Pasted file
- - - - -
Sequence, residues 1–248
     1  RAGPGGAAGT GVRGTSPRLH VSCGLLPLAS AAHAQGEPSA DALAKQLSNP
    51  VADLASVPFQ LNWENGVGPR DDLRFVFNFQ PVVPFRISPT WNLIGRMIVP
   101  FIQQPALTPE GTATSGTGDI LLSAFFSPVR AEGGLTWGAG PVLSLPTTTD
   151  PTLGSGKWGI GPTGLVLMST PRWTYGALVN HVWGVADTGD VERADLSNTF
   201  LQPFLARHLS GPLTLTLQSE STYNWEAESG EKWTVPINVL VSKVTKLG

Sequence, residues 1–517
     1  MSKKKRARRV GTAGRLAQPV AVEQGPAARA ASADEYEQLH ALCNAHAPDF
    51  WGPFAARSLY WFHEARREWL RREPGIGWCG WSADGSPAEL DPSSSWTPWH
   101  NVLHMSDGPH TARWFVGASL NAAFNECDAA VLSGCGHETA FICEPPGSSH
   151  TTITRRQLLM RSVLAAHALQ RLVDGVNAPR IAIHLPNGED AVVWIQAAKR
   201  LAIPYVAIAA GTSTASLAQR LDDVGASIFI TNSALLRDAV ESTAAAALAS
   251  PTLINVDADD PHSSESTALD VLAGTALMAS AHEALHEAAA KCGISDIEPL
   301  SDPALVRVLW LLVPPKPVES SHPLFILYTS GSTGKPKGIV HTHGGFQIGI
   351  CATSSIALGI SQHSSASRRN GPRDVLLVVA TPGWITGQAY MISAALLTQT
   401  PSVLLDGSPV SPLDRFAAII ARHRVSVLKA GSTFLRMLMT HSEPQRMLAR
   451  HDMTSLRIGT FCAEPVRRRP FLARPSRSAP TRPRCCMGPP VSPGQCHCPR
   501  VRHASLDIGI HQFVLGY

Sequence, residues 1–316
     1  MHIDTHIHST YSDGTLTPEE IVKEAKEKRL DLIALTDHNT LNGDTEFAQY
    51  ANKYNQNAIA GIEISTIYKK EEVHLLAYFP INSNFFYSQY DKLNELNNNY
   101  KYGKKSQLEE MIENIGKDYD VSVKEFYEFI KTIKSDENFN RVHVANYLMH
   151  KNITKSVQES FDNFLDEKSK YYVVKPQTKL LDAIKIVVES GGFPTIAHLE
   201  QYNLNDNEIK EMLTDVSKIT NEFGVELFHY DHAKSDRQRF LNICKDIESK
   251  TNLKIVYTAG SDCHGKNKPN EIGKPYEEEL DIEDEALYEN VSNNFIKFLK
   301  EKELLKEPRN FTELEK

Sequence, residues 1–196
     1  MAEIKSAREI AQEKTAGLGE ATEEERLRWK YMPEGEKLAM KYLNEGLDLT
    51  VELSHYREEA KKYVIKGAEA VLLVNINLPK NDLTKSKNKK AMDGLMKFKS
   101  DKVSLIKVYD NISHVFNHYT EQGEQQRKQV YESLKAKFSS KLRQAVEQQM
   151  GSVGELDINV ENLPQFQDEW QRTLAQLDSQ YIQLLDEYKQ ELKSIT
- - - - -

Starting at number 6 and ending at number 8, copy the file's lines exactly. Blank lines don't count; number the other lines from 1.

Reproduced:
   201  LQPFLARHLS GPLTLTLQSE STYNWEAESG EKWTVPINVL VSKVTKLG

Sequence, residues 1–517
     1  MSKKKRARRV GTAGRLAQPV AVEQGPAARA ASADEYEQLH ALCNAHAPDF